Candidates for conservative treatment, as defined by Cameron and colleagues in 1979, include those with a small perforation that does not breach the mediastinal pleura, together with mild symptoms and no evidence of systemic sepsis.75,76 Preferably, the perforation is accompanied by a re-entry of extravasated contrast medium into the oesophageal lumen. Any sympathetic pleural effusion has to be drained, with the effluent regularly inspected to exclude fistulation. Nutritional support, either by the parenteral route or increasingly by the operative insertion of a feeding jejunostomy tube, is commenced early.
Previous experience suggests that patients who respond to non-operative management are those with small cervical tears following oesophagoscopy or traumatic endotracheal intubation, well-circumscribed intramural dissection after pneumatic dilatation for achalasia and small anastomotic leaks following oesophageal surgery.77,78 Non-operative treatment of spontaneous rupture (Boerhaave's syndrome) and iatrogenic perforation of the thoracic oesophagus with pleural contamination used to have a high failure rate in previously reported series and such patients were often managed by early surgical intervention. However, all this has changed over the last decade with the introduction of aggressive conservative strategy and the increasing interest in endoscopic stenting technology.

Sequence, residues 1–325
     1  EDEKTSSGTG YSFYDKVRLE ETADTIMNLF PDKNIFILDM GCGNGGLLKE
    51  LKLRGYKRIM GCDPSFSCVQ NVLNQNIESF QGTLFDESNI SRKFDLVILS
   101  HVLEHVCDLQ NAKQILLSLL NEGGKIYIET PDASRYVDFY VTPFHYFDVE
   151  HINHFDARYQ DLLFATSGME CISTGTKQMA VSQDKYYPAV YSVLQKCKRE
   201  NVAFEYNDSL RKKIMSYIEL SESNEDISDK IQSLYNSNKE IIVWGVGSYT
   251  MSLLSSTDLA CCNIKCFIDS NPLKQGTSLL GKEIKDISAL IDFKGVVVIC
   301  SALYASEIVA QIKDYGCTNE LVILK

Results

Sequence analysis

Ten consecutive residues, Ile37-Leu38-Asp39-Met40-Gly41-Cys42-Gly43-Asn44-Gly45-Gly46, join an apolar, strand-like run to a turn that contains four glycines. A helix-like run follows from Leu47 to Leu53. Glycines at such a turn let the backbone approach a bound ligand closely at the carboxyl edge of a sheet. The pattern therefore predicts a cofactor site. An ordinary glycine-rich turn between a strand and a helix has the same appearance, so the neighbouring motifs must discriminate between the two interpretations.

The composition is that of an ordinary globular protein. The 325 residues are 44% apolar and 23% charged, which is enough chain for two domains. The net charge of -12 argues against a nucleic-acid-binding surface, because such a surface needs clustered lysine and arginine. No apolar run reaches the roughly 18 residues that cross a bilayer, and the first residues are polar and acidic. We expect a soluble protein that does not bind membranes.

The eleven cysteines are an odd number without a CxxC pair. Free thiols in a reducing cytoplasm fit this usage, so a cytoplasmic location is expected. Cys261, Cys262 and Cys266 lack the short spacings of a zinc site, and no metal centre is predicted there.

Vogel et al. were the first to advocate an ‘aggressive conservative’ approach in a series of 47 patients with oesophageal perforation (10 proximal and 37 thoracic).79 Of these 47 patients, 34 were managed non-operatively with repetitive radiographs, aggressive image-guided chest drainage and operative intervention when indicated (only needed in 30% of the patients). The authors reported no mortality and an admirably high oesophageal healing rate in the series, even among patients with Boerhaave's syndrome. In another cohort study by a tertiary referral centre of 81 consecutive patients with acute oesophageal perforation managed over a 20-year period, there was a marked temporal increase in the frequency of utilising CT scan for diagnosis and treatment monitoring of the patients. The percentage of patients being treated non-operatively also increased significantly from 0% in the first 5-year cohort to 75% in the last one.80 Parallel to these results was a marked reduction in complication rate and mean hospital stay. There was no difference in final mortality rates between patients treated with a non-operative approach and those who underwent immediate surgery.